(54)
(55)

the condition implies that , are light-like vectors, i.e.

(56)

and the same for . The gauge symmetry , in terms of , gives which is an rotation of the vectors , . Assuming that , they can always be put in the form:

(57)

where is a real function. In this way, the current is

(58)

where , . The equation for determines that

(59)
(60)

where and are arbitrary functions and, in addition, satisfies

(61)

By an appropriate change of coordinates and a redefinition of , one can set and to a constant except at those points where they vanish. In the rest of the paper we consider only the case where is constant everywhere and can therefore be set equal to either, , or . The case where vanishes at a finite set of points will not be considered since we do not know how to write the general solution in those cases.

The flat connection can be written as

(62)

which is valid in general even if only the case of constant is considered here. Since is flat, we can solve the linear problem

(63)

Moreover, since , , we have , ; namely,

(64)

Therefore, the strategy is to solve the equation for , replace it in the flat current, solve the linear problem, and reconstruct the solution . In fact, a family of solutions satisfying the equations of motion and the constraints can be introduced:

(65)

Furthermore, the reality condition is satisfied if .

4 Liouville case ()

When , equation (61) reduces to the Liouville equation:

(66)

The general solution to this equation is

(67)

In this case, to reconstruct the solution , we can side-step the procedure described in the previous section and directly solve the linear problem

(68)

Using separation of variables (and taking as coordinates ) or by any other technique, the general solution is found to be

(69)

where and are arbitrary functions. Although this satisfies the equations of motion, it also needs to satisfy the constraints

(70)

Although particular solutions exist, it appears that generic solutions cannot be found in the case where both and are different from zero. In this paper, only the case where is considered and the solution is

(71)

The constraints then reduce to

(72)
(73)
(74)

These are relatively easy to study by noting that different choices of the functions , are related by reparameterizations of the world-sheet and, therefore, equivalent. In this way, we can choose for example

(75)

without loosing generality. Now, the solution can be written as

(76)

with

(77)

The string ends at the boundary on two curves determined by . The curves are given by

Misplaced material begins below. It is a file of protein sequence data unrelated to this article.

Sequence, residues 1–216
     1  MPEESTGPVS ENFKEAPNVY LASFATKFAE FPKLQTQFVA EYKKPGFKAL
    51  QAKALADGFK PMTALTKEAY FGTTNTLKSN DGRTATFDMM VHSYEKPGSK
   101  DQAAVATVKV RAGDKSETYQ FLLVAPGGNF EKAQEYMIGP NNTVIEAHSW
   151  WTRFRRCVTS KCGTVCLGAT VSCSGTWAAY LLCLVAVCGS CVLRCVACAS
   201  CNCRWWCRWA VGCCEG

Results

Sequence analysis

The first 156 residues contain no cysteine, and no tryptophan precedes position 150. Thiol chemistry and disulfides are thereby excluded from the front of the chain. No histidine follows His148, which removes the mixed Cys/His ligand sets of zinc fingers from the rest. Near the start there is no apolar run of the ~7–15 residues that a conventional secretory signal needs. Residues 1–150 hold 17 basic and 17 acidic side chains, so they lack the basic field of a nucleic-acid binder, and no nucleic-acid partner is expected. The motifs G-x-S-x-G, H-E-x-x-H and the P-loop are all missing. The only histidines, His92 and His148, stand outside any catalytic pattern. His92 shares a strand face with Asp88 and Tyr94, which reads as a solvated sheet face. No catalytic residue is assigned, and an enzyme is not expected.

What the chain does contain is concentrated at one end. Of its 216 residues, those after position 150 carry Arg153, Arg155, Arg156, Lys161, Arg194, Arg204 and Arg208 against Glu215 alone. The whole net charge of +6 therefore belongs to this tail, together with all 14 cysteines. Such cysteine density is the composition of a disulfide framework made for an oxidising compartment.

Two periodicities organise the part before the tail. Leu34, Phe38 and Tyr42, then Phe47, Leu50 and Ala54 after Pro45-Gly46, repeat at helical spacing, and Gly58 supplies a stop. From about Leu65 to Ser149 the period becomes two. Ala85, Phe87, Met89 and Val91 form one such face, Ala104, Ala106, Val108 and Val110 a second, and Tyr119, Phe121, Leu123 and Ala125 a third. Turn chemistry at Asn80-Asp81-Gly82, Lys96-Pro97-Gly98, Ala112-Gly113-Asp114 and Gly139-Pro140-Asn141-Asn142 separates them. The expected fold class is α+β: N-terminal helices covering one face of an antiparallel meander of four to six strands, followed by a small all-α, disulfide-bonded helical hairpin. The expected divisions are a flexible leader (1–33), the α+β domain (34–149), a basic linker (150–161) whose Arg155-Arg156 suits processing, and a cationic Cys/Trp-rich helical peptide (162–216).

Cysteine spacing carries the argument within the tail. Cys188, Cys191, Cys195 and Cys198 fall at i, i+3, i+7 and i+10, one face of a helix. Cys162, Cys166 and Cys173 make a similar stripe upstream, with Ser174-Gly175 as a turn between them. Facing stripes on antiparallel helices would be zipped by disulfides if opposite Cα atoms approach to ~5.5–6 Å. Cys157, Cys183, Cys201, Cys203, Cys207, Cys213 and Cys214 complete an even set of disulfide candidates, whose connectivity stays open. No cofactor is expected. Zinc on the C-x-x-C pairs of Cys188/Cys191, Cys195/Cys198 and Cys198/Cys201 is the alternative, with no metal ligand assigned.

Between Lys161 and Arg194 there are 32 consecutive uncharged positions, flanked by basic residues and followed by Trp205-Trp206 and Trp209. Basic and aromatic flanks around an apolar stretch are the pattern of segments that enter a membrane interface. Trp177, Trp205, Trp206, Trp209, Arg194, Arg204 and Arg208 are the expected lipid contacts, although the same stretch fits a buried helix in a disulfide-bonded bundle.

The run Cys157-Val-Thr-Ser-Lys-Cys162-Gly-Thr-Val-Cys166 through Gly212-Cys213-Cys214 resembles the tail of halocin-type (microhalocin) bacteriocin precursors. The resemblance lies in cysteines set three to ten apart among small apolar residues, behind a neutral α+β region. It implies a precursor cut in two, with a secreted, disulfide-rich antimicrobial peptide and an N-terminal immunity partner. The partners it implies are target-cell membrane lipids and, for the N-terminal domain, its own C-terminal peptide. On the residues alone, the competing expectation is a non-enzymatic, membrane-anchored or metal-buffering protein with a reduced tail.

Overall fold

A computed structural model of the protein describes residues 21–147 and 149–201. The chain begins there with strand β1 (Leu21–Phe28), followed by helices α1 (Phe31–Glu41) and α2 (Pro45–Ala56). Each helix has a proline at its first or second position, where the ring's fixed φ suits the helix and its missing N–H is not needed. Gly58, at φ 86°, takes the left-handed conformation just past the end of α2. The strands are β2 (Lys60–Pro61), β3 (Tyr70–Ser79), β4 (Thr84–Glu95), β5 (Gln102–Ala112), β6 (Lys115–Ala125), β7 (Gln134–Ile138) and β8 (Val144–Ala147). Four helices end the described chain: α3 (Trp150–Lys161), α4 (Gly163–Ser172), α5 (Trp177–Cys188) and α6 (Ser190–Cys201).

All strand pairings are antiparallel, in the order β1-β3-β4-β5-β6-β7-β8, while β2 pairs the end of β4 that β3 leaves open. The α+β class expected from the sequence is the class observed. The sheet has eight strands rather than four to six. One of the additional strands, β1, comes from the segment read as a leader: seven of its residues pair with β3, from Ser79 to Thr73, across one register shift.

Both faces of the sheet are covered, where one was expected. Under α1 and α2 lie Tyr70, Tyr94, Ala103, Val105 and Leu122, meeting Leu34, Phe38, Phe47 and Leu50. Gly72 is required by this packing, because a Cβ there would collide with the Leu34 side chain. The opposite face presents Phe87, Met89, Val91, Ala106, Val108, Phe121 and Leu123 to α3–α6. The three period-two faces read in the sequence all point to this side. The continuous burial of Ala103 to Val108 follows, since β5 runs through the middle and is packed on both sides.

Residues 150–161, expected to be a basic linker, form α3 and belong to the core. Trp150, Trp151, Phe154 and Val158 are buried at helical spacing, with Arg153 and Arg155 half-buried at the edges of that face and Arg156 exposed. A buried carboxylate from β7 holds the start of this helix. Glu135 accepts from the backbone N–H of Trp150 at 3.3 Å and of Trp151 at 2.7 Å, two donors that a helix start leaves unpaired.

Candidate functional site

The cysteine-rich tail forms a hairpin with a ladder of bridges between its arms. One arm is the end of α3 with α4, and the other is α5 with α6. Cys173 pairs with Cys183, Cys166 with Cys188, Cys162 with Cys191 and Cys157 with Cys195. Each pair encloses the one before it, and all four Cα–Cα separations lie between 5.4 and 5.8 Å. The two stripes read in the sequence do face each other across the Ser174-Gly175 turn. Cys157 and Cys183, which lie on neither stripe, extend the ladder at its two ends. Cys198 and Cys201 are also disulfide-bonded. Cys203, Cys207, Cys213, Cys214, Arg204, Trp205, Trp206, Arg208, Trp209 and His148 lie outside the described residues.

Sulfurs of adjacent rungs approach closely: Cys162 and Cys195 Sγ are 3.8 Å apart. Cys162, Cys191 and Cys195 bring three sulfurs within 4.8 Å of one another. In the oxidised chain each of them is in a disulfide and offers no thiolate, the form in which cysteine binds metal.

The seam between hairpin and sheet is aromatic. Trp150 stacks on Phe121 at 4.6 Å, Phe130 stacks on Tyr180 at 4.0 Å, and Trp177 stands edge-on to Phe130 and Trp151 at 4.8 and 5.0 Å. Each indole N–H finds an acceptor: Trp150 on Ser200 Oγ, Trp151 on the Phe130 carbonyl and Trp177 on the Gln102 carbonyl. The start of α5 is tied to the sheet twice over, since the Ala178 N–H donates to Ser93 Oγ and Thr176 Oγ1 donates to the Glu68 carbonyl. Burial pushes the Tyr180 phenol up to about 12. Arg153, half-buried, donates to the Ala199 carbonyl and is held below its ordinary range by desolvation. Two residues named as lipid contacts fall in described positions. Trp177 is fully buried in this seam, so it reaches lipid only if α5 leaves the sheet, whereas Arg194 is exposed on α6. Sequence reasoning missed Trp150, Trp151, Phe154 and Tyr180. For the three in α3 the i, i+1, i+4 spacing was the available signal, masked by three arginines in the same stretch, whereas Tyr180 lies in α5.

(78)

Notice that which is a parameterization of the boundary of space. Furthermore, these solutions are valid for any and not only . In fact they are already known since they were found by Mikhailov in [5]. In particular, they contain the solution corresponding to the rotating string described in the first section. To show that, start by parameterizing the boundary curves as

(79)

Next, observe that, according to eq.(78), the two boundary curves are the same up to a shift by in the parameter and a change in sign of , which is equivalent to a shift , . Since the shift in parameter does not change the shape of the curve, one curve is obtained from the other by rotating by and shifting also by . Therefore, the shape of one boundary curve can be chosen arbitrarily, which determines the functions and also the shape of the other boundary curve.

For the rigidly rotating string, we have that one curve is determined by

(80)

Consequently, the other is

(81)

This implies that

(82)

which is precisely the result in eq.(16). Physically, this means that a ray of light emitted from the quark reaches the anti-quark exactly after a time . If it reaches earlier or later we then have the cosh or sinh Gordon equation. In Poincare coordinates, the two end points of the string describe arbitrary trajectories that are asymptotically null. In this case, it should be noted that both trajectories are arbitrary since they come from different portions of the trajectory in global The only condition is that one asymptotes to a null direction that is equal to the incoming direction of the other one. See fig.3.

Figure 3: In Poincare coordinates, the Liouville case generically corresponds to a string ending on two arbitrary paths which are asymptotically light-like. The only condition is that the outgoing direction of one of them is equal to the incoming direction of the other one.

5 Sinh/cosh Gordon case ()

The other case to consider is when the world-sheet conformal factor obeys the sinh or cosh-Gordon equation, i.e. eq.(61) with . The solution can be written in terms of theta functions associated with a hyperelliptic Riemann surface. The reality condition implies that the Riemann surface can be thought as two planes connected by a set of cuts symmetric under the interchange . In the examples considered here, the cuts are on the real axis although other situations are possible.

To be concrete, the hyperelliptic Riemann surface of genus is defined by the equation